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Mama Birth Blog wrote a great post last Friday about why she has her babies at home. It brought tears to my eyes–especially the link to a video of typical newborn procedures for babies born in hospitals, which was just plain disturbing.

Now, I don’t think that home birth is for everyone. I know lots of people who would be terrified to birth at home, and if you’re scared during labor then your labor is less likely to go well. I do believe that drug-free birth is healthiest for both mom and baby, and I know it’s much easier to achieve a natural birth if you’re in an environment where no one is going to suggest that maybe you really want an epidural. The options for birth places where your attendants are less likely to suggest drugs are, fortunately, growing in Atlanta. However, for me, home is still the place where I feel most confident that I can birth without drugs or interventions.

But my real reason for home birth didn’t lie in my desire for a natural labor. Like Mama Birth, it lay in my concern about newborn procedures. I was terrifed at the thought of my baby being separated from me for even a minute–much less for the hour or more that’s common in many (though not all) Atlanta hospitals. I hated the idea of anyone else touching or holding my baby in those precious minutes right after birth.

And really, few experiences could be more beautiful and natural–more “organic” in the slang sense of something that develops characteristically and naturally–than the home birth of my daughter. I labored for 36 hours, mostly in water; when she was born, I caught her. My midwife reached across the pool to put a hat on her and wrap her in a towel, but no one touched her but me for a good thirty minutes after the birth. After the placenta was born, my husband cut the cord. About two hours after the birth, my daughter and I took a bath together. It wasn’t until after that–when she was perhaps three hours old–that my midwife performed the newborn exam. I lay in bed watching, and all the newborn procedures were done at the foot of the bed, very gently and carefully. I don’t remember any crying. After they finished, my midwife swaddled her and lay her in bed next to me, and we all (my daughter, husband, and I) fell peacefully asleep.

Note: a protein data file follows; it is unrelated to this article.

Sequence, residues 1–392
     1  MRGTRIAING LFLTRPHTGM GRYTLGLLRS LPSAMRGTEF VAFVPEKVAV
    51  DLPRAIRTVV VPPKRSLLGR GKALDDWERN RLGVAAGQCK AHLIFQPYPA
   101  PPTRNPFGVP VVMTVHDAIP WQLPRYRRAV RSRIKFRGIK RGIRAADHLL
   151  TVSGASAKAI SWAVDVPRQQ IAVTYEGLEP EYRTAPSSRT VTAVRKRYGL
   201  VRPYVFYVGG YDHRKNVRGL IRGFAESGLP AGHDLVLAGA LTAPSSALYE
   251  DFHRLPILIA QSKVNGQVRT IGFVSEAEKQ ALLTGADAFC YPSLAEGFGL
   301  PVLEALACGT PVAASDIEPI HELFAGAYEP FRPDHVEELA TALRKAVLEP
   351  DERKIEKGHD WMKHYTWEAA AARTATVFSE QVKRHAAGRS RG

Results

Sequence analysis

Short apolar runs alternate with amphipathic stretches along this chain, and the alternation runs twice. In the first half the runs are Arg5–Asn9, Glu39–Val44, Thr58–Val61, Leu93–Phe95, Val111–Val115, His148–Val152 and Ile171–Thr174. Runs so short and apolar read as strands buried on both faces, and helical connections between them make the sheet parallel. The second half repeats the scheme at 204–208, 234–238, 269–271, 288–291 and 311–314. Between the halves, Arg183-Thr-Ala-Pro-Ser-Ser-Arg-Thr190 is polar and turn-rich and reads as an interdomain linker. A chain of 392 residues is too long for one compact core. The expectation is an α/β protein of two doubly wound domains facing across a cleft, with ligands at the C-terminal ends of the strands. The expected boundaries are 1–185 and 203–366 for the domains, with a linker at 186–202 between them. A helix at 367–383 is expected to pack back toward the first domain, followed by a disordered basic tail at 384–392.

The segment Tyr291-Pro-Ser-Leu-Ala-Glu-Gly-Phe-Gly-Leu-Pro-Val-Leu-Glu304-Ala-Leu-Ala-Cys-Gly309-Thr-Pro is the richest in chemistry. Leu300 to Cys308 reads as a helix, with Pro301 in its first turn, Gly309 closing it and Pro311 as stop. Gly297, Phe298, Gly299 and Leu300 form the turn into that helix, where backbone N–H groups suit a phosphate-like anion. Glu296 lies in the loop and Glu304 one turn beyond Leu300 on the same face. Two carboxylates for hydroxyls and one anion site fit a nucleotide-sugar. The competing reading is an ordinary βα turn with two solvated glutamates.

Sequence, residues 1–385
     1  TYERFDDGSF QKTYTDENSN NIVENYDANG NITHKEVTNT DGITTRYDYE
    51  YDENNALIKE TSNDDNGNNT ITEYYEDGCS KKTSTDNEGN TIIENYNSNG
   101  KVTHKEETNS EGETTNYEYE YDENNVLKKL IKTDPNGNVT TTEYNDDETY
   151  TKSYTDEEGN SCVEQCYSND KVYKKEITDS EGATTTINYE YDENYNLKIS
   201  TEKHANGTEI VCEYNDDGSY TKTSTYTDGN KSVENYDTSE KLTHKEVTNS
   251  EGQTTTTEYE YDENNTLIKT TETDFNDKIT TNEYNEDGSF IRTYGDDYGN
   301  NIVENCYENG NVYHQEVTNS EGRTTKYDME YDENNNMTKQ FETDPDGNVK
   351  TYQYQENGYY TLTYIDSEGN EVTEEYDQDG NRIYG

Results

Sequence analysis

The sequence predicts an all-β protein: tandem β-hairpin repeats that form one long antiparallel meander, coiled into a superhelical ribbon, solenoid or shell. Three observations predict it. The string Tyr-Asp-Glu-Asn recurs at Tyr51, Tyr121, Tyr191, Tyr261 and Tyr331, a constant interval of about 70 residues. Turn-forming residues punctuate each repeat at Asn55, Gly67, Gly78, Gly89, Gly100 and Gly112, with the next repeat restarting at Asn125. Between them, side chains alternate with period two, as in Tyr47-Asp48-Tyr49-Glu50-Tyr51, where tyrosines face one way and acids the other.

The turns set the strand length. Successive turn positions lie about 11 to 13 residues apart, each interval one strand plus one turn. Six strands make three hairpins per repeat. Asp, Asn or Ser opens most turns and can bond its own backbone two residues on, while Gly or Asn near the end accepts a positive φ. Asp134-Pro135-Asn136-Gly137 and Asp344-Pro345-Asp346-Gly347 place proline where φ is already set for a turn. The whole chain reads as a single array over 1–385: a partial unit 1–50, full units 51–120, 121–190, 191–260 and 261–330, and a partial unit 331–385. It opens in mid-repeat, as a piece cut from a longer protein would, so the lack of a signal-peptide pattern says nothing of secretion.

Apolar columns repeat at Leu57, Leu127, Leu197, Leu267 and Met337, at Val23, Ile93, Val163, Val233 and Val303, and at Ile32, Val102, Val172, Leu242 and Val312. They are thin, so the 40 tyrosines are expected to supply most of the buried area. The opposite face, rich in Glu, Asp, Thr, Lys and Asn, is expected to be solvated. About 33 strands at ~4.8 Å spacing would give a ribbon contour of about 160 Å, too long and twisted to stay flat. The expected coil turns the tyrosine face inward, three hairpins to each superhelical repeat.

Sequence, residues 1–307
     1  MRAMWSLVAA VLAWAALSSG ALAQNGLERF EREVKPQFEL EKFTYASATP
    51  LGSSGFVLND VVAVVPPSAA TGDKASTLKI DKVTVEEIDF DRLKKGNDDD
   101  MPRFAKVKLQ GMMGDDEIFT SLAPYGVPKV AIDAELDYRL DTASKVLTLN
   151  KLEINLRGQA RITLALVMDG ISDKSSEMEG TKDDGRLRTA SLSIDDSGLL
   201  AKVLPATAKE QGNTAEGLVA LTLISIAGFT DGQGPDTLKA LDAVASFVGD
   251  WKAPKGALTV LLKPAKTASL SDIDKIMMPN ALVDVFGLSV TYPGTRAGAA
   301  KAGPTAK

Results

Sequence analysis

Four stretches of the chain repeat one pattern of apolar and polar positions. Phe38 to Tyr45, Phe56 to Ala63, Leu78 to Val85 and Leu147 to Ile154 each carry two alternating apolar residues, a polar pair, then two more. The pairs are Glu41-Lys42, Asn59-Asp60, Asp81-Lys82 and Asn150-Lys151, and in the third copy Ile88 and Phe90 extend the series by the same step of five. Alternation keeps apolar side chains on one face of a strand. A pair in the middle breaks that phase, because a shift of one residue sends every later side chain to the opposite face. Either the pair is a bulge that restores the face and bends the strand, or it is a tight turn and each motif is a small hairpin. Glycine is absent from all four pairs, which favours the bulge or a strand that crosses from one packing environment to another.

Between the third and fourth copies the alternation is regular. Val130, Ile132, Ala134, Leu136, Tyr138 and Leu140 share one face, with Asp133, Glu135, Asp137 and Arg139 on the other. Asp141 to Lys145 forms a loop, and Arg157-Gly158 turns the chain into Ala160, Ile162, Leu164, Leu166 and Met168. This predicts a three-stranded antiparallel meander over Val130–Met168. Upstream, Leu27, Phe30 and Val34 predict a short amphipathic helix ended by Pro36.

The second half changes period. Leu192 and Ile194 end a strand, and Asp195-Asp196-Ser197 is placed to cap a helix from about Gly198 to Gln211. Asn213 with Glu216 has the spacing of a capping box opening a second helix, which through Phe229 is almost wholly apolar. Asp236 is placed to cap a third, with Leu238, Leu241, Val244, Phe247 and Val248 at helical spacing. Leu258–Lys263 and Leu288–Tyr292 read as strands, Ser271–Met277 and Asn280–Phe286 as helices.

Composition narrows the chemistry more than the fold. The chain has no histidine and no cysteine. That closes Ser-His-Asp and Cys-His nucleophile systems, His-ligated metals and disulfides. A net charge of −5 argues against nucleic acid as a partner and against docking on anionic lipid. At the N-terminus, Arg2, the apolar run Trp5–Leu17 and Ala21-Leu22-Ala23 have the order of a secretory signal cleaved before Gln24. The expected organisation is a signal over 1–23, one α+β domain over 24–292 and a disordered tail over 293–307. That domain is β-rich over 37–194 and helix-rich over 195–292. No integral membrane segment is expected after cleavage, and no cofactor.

My daughter was never out of my sight during those hours after she was born–in fact, she was weeks old before I ever stepped into the next room away from her. There was one moment, after our joint bath, when I sat on the toilet to try to pee while my midwife held my daughter for me. The midwife started to walk away, and I said sharply, “Where are you going?”

“I was going to give you some privacy to pee,” she said.

I had to laugh at how ludicrous that was. “You just watched me give birth,” I told her. “I’ve been walking around naked in front of you for hours. I don’t need privacy from you to pee! I need to be able to see my baby!”

My midwife smiled and stayed in the bathroom.

Now, I realize there’s controversy about the importance of postpartum bonding. Frankly, for me, that doesn’t really make a difference. I don’t care if having uninterrupted contact with my baby doesn’t really make me more likely to succeed at breastfeeding or more likely to feel attached and connected with my newborn. I don’t care if my baby won’t remember the stress of separation at birth. Even if she’ll forget, I will remember. It matters to me. That uninterrupted time, that connection–it gave me confidence as a mother. It helped me trust my instincts and believe that I know how to comfort my baby, that I understand her. And for families want to parent in an organic, natural, connected way, nothing is more important than that.